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PCSGA & CoastSavers Beach Clean-up, Willapa Bay & Grays Harbor, WA

Coastal shellfish growers in Willapa Bay and Grays Harbor WA, pitch in where it really counts! During the weekend of September 17-18, these shellfish farmers removed over 10,000 pounds of marine debris from their farms and upland areas! Partnering with the WA CoastSavers community cleanup for the International Coastal Cleanup, PCSGA paid for a half-dozen dumpsters along the south coast using SLURP funds. Jon Schmidt of WA CoastSavers said the donation saved CoastSavers an estimated $2,500 in dumpster rental and disposal costs. This was a great collaboration and joined recognition of coastal responsibly!

http://www.peninsuladailynews.com/news/volunteers-clear-tons-of-trash-from-coastal-strait-beaches/

PCSGA Fall Beach Clean-up, Puget Sound, WA

Since 2001, PCSGA South Puget Sound beach cleanups collect on average 80% marine debris which has nothing to do with shellfish farming. That debris includes chunks of Styrofoam that had broken loose from homeowners’ docks and floats, tires, drainage pipe, and patio furniture. Environmental stewardship is a core value of PCSGA because shellfish farms rely on healthy marine ecosystems for their livelihoods. Without good water quality, shellfish cannot properly grow or be harvested. The beach cleanup reflects that value of environmental stewardship.

Geoduck Festival, Shellfest, & Oysterfest, OH MY!

PCSGA attends an abundance of outreach events through out the year. Below are a few updates that brought summer to an end and welcomed the Pacific Northwest fall.

Wonderful photos from Allyn Days – Geoduck Festival! Rob Snyder, from Rob’s Shellfish, started the day introducing Derek Kilmer and his daughter to a geoduck. Read More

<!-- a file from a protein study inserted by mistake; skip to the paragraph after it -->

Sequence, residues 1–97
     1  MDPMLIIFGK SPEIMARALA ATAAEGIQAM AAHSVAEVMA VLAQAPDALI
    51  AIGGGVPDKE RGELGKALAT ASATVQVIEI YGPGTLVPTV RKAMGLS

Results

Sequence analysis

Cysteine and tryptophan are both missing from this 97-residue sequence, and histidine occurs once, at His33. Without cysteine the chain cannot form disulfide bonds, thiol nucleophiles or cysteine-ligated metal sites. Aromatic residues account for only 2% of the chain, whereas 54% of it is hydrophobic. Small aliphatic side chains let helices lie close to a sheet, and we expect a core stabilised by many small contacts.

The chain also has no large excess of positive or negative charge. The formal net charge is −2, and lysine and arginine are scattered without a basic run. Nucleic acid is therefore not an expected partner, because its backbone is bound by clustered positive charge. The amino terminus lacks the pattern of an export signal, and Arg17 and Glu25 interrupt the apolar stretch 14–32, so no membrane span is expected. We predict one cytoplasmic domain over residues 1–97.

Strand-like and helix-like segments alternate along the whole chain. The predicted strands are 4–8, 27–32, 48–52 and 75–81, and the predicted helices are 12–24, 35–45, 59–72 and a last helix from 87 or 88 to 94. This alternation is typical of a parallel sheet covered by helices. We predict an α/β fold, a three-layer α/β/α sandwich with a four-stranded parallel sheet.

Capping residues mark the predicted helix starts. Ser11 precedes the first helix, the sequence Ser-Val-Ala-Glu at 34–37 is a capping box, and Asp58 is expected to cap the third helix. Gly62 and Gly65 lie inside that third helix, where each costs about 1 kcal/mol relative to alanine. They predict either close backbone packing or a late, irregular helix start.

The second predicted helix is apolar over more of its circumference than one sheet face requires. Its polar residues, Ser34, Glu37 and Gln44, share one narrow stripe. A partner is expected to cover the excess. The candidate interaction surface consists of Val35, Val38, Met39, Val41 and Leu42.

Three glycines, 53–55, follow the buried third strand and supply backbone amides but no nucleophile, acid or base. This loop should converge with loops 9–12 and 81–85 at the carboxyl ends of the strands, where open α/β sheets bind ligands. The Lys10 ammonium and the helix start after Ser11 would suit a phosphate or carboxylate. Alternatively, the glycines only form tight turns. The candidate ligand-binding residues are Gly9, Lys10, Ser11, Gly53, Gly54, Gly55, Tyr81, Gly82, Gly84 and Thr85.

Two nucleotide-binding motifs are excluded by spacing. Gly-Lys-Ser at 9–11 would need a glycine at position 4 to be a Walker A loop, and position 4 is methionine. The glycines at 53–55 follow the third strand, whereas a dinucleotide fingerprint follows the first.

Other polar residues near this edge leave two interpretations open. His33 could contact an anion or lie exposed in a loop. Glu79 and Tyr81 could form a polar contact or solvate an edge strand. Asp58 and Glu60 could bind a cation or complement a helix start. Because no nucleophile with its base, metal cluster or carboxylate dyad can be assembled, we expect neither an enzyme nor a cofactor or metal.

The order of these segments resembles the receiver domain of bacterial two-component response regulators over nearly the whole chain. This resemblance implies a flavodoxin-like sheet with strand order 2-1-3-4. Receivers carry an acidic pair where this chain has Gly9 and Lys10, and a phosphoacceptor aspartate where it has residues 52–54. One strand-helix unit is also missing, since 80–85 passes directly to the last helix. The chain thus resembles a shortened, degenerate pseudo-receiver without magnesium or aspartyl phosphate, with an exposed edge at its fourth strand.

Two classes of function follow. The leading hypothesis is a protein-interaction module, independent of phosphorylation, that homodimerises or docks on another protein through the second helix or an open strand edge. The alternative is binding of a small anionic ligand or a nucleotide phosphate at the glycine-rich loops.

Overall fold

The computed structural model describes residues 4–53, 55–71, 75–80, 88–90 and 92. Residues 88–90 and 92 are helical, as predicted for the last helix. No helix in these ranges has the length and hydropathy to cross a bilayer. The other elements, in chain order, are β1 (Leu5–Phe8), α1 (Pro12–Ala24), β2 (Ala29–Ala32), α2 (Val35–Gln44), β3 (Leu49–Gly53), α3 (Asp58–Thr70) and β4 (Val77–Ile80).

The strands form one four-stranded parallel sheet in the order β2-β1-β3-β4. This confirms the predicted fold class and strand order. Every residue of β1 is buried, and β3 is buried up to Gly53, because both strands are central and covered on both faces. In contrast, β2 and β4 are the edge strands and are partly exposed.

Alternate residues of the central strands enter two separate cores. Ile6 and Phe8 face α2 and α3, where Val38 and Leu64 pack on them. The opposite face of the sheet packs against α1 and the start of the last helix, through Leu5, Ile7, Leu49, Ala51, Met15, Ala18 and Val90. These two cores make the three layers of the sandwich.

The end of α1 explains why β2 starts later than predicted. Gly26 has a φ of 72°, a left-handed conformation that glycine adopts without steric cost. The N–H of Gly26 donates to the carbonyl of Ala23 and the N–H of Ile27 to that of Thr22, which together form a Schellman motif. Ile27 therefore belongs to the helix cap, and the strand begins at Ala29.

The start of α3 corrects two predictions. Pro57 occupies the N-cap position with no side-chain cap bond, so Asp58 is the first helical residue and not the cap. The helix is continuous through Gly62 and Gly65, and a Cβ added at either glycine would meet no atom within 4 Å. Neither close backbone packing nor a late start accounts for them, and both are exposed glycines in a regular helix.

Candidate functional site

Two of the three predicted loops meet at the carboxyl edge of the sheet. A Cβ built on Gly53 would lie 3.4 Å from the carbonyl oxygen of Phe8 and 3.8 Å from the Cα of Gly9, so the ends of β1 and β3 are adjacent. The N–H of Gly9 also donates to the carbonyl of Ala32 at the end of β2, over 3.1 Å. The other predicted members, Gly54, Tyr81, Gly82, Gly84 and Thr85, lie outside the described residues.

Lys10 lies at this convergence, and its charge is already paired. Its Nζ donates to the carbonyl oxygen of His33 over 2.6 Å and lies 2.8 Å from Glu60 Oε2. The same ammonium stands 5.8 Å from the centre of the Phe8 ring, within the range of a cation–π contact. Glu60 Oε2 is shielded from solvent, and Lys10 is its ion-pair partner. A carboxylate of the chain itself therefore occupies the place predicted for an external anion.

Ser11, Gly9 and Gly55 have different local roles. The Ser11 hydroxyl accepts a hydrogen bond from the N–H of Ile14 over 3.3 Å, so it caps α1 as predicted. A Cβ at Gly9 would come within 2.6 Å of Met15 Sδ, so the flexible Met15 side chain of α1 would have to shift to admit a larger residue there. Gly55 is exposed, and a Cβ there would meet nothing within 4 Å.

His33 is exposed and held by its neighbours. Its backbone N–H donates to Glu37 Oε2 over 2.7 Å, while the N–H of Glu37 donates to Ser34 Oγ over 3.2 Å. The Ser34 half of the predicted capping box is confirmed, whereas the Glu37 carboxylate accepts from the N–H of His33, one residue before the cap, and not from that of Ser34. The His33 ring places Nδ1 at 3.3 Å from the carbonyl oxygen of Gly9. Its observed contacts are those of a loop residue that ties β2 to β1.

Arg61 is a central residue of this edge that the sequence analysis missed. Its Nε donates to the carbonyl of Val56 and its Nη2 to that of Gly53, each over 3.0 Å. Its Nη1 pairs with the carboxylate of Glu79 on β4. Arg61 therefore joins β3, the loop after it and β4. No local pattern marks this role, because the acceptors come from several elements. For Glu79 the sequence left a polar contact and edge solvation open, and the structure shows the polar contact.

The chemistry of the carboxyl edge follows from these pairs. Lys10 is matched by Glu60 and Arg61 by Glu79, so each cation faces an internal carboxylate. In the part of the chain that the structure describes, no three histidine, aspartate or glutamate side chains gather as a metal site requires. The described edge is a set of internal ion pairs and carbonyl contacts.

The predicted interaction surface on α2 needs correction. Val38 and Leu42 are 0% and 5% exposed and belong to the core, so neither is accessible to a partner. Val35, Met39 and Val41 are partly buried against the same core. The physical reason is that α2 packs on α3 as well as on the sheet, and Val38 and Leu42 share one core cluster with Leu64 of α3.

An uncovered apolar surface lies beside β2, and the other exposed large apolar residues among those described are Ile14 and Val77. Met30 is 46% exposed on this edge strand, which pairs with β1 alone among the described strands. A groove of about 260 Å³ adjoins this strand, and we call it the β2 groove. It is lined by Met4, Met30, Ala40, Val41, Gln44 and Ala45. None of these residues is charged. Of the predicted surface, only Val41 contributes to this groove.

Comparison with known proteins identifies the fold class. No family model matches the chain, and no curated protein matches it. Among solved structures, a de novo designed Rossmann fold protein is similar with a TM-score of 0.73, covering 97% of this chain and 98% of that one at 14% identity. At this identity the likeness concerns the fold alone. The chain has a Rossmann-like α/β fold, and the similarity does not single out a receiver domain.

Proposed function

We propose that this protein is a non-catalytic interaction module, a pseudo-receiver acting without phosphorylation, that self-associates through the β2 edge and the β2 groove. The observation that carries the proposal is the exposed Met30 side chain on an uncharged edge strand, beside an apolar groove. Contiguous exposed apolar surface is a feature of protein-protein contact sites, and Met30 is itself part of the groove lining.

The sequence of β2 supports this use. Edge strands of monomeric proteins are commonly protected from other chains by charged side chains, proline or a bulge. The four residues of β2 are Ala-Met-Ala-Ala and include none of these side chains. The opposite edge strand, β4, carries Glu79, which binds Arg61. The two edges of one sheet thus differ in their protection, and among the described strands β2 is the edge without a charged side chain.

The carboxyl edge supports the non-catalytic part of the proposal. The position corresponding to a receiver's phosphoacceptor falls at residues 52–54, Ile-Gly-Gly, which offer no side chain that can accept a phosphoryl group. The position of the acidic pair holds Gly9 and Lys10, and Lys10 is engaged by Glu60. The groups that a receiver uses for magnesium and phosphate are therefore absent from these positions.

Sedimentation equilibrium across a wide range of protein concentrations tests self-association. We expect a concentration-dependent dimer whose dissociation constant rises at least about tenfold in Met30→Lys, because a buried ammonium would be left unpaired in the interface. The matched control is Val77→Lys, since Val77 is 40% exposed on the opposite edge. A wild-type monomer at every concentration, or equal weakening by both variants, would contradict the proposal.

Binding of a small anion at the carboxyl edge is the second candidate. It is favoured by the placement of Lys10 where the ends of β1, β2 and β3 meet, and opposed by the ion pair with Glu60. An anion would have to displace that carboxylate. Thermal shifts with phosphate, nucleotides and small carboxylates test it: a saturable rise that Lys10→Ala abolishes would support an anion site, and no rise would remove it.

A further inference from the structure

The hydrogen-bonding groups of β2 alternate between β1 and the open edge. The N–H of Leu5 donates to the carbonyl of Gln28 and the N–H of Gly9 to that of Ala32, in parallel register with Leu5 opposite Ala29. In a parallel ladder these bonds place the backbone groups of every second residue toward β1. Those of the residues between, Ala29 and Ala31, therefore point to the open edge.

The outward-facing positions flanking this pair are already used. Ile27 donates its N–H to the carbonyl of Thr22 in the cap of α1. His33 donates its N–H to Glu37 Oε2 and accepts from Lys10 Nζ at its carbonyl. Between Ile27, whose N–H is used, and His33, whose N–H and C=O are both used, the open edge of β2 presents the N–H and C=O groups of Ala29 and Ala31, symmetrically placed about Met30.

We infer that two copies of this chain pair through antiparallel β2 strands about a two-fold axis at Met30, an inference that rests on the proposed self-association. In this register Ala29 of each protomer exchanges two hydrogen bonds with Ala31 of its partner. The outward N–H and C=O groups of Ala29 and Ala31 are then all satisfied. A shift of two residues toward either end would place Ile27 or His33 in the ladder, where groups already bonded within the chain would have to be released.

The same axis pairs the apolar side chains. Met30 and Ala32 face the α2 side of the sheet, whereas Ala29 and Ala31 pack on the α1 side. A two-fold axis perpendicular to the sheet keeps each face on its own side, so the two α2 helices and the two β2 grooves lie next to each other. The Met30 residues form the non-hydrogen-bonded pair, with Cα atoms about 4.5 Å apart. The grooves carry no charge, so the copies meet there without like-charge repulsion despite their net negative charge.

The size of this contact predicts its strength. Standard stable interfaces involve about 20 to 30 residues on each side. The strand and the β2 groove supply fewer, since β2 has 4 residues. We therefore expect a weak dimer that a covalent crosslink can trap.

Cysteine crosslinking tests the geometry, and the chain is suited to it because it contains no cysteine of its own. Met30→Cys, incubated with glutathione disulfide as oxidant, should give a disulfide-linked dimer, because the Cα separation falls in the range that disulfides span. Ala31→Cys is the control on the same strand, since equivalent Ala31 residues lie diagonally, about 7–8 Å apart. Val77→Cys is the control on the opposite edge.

September Ecosystem Services Photo Contest Winner

scott-smithCongratulations to the winner of the September Ecosystem Services Photo Contest, Scott Smith of Taylor Shellfish Farms. These are natural set Pacific Oysters that spawned from a patch of diploids. Oysters attach themselves to rocks, shells or whatever stationary object they land on. As filter feeders, they play a crucial role in cleaning the body of water they grow in. The more oysters there are, the more filter feeding takes place and the cleaner our water.

2016 Conference for Women in Sustainable Agriculture

Registration Now Open for the 2016
Conference for Women in Sustainable Agriculture

“Building Connections towards Resiliency” this November

Portland, OR, August 18, 2016–The 5th National Conference for Women in Sustainable Agriculture will bring together farmers, educators, technical assistance providers and activists engaged in healthy food and farming to share educational and organization strategies, build technical and business skills, and address policy issues aimed at expanding the success of women farmers and ranchers. Read More

AUGUST ECOSYSTEM SERVICES PHOTO CONTEST WINNER

August Winner Duane FagergrenCongratulations to Duane Fagergren

While Duane was out digging clams in the early morning, he heard some commotion behind him. A family of river otters hangs out close to the house and one of their preferred foods is small graceful crabs, (Cancer Gracilis). The crabs use the seed bags (foreground) and this year’s yearling crop (background) to forage in. Read More

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